The transformation towards sustainable mobility has become a strategic action of local governments, and Barcelona is no exception. The city has established itself internationally as a model of sustainable urbanism, faithful to a long urban tradition –which elevates public space as a fundamental substrate of the social fabric– and to the 2030 United Nations agenda. Fixing these principles in the Urban Mobility Plan and the Neighborhood Plan, the City Council has proposed and implemented urban reforms, often in a participatory way, aimed at redesigning public space towards a model of decarbonized and fair mobility.

Barcelona currently has on average one of the most equitable distribution of urban space, but with room for improvement (e.g., Trinitat Vella). Beyond the fundamental pillar of Superblocks (PMU 2013-18), the City Council puts on the horizon 2024 the pacification of 32 kilometers of streets. Not only for sustainable mobility and a more equitable redistribution of space: but also for the development of new social spaces; revitalization of local commerce, entrepreneurship; and new activities in the urban fabric. However, what data support each performance? Which streets need to be pacified? Which areas have abnormal pedestrian flows?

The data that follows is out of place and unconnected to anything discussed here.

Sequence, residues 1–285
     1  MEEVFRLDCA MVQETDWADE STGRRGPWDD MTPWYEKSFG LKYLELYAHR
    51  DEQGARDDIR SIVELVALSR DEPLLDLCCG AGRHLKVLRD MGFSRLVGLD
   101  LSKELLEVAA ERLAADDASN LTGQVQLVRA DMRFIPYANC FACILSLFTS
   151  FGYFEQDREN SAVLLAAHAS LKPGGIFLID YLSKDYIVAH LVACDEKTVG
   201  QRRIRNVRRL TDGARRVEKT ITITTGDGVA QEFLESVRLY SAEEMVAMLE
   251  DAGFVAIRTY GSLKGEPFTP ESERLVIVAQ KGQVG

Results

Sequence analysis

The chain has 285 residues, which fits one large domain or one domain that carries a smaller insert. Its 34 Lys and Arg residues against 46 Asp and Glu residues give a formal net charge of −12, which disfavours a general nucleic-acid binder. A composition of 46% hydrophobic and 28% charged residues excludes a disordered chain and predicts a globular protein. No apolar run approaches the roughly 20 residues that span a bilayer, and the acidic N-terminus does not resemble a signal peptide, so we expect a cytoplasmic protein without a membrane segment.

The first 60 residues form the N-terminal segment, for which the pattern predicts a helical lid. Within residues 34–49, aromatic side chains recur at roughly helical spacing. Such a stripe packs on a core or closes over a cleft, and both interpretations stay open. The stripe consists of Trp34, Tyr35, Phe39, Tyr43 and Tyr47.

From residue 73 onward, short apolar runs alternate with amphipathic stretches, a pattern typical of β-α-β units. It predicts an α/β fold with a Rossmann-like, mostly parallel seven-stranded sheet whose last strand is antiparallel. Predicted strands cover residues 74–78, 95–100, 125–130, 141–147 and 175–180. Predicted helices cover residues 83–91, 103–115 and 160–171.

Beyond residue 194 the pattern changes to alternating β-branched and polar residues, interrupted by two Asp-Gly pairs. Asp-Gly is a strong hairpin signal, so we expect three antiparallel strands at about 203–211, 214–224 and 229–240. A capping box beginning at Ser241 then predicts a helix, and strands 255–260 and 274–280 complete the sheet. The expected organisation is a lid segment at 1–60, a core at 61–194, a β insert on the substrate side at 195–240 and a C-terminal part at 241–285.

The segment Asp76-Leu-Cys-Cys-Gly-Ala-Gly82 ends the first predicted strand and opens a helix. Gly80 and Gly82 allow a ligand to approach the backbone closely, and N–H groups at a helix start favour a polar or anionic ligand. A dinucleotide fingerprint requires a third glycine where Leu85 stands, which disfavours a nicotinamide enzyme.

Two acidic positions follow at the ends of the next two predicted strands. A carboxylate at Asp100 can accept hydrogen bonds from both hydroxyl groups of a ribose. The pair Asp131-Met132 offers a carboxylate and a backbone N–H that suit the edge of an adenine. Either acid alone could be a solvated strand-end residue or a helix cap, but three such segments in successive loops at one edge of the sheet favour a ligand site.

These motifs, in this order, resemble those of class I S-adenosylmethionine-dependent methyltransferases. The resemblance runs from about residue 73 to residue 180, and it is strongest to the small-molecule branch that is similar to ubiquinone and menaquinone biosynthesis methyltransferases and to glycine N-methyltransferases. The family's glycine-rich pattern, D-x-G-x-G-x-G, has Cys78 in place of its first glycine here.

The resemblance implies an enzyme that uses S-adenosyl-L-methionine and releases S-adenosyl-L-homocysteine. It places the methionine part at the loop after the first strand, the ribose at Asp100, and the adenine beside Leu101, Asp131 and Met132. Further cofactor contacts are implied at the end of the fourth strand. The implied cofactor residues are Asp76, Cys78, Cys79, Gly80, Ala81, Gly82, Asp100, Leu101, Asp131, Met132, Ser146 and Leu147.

In this context, LIKE-BCN addresses the analysis of public space to detect shortcomings by exploiting GIS information on walkable space and real data on pedestrian dynamics of TC Group, participant of the project, to: (a) construct detailed origin-destination matrices for pedestrian mobility and (b) estimate sidewalk level pedestrian flows to (c) be able to measure the efficiency of the sidewalk network considering pedestrian demand and (d) quantify the socio-economic interaction potential at the local level.

Thus, LIKE-BCN is presented as a tool for accurate measurement and based on data to guide processes of urban transformation, towards the achievement of the challenges of Barcelona posed in the PMU 2019-24 and beyond.